A new report from the Research and Evaluation Center at John Jay College of Criminal Justice entitled Resolution, Reinvestment, and Realignment: Three Strategies for Changing Juvenile Justice reviews the most prominent juvenile correctional reform models from the past 40 years, and looks at whether the reforms represent a permanent shift in policy and practice, or are a temporary reaction to tight budgets and low rates of violent crime.
The report categorizes the reform models into three types:
- Resolution Models: Reforms are accomplished and maintained with managerial action and state leadership. Examples: Massachusetts, Missouri, and Utah.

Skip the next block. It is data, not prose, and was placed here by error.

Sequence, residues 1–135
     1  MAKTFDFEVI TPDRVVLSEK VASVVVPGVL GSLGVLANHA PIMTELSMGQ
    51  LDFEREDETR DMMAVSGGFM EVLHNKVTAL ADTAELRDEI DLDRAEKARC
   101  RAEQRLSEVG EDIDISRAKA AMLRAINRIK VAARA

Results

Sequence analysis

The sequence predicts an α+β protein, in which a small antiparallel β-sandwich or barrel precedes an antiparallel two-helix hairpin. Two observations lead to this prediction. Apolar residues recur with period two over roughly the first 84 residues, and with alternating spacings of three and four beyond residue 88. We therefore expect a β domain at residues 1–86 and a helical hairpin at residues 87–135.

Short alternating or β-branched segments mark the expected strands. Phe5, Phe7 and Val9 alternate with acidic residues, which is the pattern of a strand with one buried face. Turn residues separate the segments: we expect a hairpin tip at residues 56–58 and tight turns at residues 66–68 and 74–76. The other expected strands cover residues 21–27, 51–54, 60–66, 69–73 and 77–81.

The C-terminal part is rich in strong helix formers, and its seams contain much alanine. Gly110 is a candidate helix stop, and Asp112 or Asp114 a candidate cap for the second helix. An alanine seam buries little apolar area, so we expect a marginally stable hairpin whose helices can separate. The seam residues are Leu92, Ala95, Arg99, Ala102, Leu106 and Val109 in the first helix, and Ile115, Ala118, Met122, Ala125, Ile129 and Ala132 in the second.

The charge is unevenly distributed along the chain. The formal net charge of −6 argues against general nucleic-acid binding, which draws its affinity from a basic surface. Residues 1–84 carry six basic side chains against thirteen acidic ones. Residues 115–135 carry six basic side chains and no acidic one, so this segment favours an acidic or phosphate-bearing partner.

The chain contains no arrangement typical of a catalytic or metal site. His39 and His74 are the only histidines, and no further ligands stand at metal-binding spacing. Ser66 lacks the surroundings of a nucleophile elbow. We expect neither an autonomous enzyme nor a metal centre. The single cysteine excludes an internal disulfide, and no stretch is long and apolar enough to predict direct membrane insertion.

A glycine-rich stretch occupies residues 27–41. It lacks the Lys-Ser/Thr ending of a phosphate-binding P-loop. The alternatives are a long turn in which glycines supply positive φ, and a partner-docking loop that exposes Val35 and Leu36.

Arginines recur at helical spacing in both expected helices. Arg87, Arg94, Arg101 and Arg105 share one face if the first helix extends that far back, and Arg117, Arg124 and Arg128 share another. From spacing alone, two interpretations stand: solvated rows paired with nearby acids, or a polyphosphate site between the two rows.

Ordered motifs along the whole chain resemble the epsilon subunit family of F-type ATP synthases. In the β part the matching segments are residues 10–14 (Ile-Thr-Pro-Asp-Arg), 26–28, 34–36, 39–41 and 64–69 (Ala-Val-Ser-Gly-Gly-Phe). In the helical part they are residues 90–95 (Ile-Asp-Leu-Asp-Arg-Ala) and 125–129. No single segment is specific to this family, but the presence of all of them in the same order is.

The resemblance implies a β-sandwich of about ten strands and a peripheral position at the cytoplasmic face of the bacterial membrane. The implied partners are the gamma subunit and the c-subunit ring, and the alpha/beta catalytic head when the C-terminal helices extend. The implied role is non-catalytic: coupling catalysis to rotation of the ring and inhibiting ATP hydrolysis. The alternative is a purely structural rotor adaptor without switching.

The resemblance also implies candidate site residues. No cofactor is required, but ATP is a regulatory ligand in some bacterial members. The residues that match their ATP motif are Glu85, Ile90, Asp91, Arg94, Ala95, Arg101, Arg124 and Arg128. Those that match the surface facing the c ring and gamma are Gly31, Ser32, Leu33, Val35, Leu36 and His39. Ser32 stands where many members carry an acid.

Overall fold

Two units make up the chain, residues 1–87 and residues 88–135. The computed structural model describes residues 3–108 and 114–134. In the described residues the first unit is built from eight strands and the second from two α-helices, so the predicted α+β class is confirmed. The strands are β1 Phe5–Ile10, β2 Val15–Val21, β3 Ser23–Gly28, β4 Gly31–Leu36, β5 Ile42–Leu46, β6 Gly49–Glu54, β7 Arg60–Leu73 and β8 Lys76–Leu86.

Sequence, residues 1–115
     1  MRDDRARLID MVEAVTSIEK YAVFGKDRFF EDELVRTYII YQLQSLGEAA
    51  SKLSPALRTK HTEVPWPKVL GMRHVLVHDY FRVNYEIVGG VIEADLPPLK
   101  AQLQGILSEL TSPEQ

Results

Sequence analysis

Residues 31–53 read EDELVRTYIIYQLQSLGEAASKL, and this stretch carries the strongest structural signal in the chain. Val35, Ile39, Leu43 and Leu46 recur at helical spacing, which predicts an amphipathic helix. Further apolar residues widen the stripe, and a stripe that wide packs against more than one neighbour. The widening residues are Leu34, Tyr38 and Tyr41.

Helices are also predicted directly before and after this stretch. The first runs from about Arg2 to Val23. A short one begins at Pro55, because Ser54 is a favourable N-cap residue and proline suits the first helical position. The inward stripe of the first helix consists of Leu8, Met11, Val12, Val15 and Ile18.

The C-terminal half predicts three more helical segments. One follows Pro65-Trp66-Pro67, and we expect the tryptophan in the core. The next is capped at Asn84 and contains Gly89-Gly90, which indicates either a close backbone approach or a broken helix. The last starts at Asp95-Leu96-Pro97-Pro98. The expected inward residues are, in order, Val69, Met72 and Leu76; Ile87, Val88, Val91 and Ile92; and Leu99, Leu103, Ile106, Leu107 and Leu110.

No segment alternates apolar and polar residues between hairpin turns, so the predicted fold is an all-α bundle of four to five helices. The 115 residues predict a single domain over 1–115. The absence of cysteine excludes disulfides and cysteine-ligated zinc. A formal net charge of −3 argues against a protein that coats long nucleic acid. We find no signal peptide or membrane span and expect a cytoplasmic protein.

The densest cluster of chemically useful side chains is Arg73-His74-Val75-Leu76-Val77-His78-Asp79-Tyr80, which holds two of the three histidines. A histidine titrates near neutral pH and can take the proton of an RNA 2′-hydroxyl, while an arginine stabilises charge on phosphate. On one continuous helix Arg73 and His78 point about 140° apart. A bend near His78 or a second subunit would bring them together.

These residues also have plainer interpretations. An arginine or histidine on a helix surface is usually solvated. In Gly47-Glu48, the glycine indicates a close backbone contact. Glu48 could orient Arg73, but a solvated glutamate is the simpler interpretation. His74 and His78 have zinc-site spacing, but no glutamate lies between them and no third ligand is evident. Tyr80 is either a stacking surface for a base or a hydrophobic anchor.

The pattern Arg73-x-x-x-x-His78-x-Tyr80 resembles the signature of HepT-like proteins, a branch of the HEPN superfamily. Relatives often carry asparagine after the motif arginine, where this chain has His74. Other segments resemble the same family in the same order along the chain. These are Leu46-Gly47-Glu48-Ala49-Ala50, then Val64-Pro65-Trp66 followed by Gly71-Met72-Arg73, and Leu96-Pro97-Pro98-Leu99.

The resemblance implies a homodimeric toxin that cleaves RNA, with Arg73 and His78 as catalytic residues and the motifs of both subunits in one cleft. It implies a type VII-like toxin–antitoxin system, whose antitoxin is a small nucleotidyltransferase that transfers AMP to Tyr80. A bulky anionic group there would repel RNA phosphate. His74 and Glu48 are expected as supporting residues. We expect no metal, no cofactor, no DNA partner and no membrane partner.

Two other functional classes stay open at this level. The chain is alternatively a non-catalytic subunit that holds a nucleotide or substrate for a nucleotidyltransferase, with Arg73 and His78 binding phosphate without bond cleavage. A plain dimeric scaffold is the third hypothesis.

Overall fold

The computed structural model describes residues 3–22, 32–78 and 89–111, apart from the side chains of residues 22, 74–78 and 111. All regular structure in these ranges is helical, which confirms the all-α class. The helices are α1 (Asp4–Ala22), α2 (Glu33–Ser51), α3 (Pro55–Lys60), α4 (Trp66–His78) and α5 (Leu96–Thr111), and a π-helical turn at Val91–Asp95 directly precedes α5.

- Reinvestment Models: Reforms are accomplished and maintained using financial incentives to reduce the demand of local jurisdictions for state-operated confinement institutions. Examples: Illinois, Ohio, Pennsylvania, Texas, and Wisconsin.
- Realignment Models: Reforms are achieved and sustained by reorganizing juvenile justice systems, reducing or eliminating state-level confinement and replacing it with local services and placement. Examples: California and Wayne County (Detroit), Michigan.
The authors acknowledge that any of the three models can be effective, but they recommend realignment as the approach most likely to be sustainable over time.